FairPoint-Verizon deal good for N.H.

To the editor:

Every summer, the Business and Industry Association engages in policy development roundtable discussions with business and opinion leaders in 14 locations throughout the state. And every summer, particularly in the Monadnock Region, Upper Valley and North Country, many roundtable participants express their frustration over lack of high-speed telecommunications infrastructure. In the global economy in which we all compete, this lack of high-speed access dampens economic development in these regions of the state, especially with potential high-tech companies where instant online communication is an absolute requirement.

FairPoint Communications’ pending acquisition of Verizon’s land-line assets will help alleviate those frustrations. It will lead to expansion of our state’s broadband infrastructure in underserved areas throughout New Hampshire, and result in the creation of new jobs. Specifically, if approved by the New Hampshire Public Utilities Commission, the transaction will result in:

$13.6 million in expanded broadband service in nearly 20 communities that will receive high-speed communications for the first time and another 47 that will benefit from expanded high-speed communications.

250 new technical and administrative jobs (with strong wages and full benefits) in New Hampshire.

Current Verizon employees being retained with current pay and benefits.

Three new local service centers being created in the region to enhance customer service.

FairPoint is already established in Northern New England, providing service via 64,000 access lines. Ninety-two percent of FairPoint’s current customers in the region have access to the company’s broadband service. With the company’s successful history of providing advanced telecommunications to small urban and rural areas, such as we have in New Hampshire, the company is well suited to serving our business and residential residents.

The Business and Industry Association, New Hampshire’s state chamber of commerce and leading business advocate, believes in the sanctity of contracts between private parties. Barring some unforeseen concern identified by the New Hampshire Public Utilities Commission, this deal should be approved because it is good for New Hampshire and Northern New England.

Jim Roche

President and CEO of the Business and Industry Association

Manchester



Remember soldiers over the holidays

To the editor:

When you are making out your Christmas card list this year, please include the following:

A Recovering American Soldier

c/o Walter Reed Army Medical Center

6900 Georgia Avenue, NW

Washington, D.C. 20307-5001

If you approve of the idea, please pass it on to your friends.

How blest we are to have so many of our citizens willing to serve our nation in its time of need. God Bless Our Soldiers!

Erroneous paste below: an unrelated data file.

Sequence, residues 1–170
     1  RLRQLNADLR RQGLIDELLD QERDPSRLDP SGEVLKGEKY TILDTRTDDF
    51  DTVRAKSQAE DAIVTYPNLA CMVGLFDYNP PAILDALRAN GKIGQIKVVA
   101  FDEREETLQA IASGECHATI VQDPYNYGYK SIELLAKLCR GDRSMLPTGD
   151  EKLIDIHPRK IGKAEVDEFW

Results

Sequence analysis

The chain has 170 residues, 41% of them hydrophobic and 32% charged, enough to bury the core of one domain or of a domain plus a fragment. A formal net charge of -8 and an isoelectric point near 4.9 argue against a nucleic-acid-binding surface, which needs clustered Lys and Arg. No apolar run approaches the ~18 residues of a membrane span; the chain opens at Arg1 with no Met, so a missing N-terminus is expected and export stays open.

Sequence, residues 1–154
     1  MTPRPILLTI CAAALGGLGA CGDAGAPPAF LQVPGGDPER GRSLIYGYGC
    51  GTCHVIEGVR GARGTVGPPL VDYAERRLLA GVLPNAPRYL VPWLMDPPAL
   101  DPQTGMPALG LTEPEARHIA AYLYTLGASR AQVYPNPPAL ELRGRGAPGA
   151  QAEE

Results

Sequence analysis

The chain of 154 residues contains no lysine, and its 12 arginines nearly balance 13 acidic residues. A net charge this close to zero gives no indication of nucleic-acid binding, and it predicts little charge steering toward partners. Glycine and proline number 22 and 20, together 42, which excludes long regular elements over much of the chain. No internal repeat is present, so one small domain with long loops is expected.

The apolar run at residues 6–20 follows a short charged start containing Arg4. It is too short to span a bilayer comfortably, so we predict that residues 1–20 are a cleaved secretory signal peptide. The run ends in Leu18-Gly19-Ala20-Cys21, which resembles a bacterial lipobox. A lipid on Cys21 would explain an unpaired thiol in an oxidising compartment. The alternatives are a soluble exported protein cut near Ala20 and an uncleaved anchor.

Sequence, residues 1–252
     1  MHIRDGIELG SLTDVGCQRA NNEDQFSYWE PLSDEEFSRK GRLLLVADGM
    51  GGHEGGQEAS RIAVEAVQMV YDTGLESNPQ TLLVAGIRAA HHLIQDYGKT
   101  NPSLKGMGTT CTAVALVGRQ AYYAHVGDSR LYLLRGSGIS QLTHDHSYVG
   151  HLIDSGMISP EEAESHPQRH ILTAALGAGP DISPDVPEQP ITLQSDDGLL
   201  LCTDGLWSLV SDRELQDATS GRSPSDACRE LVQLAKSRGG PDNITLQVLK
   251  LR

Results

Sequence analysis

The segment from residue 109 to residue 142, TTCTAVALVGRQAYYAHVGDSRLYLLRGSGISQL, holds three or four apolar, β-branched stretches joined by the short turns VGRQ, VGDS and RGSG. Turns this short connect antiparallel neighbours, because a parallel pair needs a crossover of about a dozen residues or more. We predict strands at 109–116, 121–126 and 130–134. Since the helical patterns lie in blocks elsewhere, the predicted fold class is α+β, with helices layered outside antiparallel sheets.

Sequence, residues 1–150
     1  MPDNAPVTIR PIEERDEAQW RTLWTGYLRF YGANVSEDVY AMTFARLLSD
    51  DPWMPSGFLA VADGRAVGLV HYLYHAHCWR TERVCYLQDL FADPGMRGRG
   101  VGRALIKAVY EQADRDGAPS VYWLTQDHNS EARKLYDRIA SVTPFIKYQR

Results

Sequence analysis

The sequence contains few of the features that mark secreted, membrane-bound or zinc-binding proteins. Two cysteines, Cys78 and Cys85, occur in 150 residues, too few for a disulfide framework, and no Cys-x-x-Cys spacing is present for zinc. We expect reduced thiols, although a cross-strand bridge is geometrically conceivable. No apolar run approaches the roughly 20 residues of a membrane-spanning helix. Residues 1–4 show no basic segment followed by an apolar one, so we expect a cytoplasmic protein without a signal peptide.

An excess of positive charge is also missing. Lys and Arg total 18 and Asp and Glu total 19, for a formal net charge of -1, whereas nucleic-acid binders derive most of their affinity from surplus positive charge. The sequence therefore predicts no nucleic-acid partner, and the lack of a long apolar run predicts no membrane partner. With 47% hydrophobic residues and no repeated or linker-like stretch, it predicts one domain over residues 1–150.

Bob Letourneau

Derry



Did you know?

To the editor:

Did you know that the Abramoff scandal directly touched New Hampshire?

Did you know that two of the Native American tribes that Abramoff represented (Cahuilla and Choctaw) each sent $5,000 to the Republican Party in New Hampshire the week of the telephone jamming scandal?

Did you know that three men were convicted (one of them a high level officer of the Republican Party in New Hampshire) because of their involvement?

Did you know the Republican Party has yet to submit restitution for this money?

I didn’t know | and quite truthfully, I never would have believed it.

Isn’t it time we had honesty and justice here in New Hampshire?

Senator Sununu | did you know any of this? If not, why not?

If you did, then we have an even bigger problem on our hands. The New Hampshire citizens have a right to know what you and your party are going to do about this.

Pam Jorgensen

Londonderry



A heartfelt 'thank you'

To the editor:

On Oct. 15, 2007, my wife, Marcia, a teacher at Londonderry Middle School and girls cross country assistant coach, was seriously injured during cross country practice. She has not been back to work as of this writing, but things are looking up medically. She is feeling better and with continued treatment, I hope she will recover fully.

I am writing this letter to express my extreme gratitude for the concern, care and help that the Londonderry Middle School community has shown my family. Thank you to the students, XC team, teachers, parents and administrators for all they have done.

The list of things that have been done is too long to include. A special thanks to Meghan Powers, LHS athletic trainer, who was first on the scene.

I have always felt that there is good and good people in the world, but we just don’t see it as often as the bad things that go on. Superman isn’t visible until you need him. On behalf of myself and my sons, Anthony and Nicholas, I would like to say thank you to the LMS community for taking off your glasses and suit, and flying to the rescue.

The Londonderry School Department should be proud of its middle school administration, teachers, parents and students.

Michael Salvatore

Londonderry



Bring on economic success

To the editor:

We have heard so much discussion about economic development. This is really a good discussion item at all levels of public and private organizations. It is about time we bring together Town, DEDC, Chamber (of Commerce), and DHRA to jointly discuss developing a bigger economic engine in Derry. These meetings will achieve a higher positive sense and level of activity of economic development. What would you define as economic development success?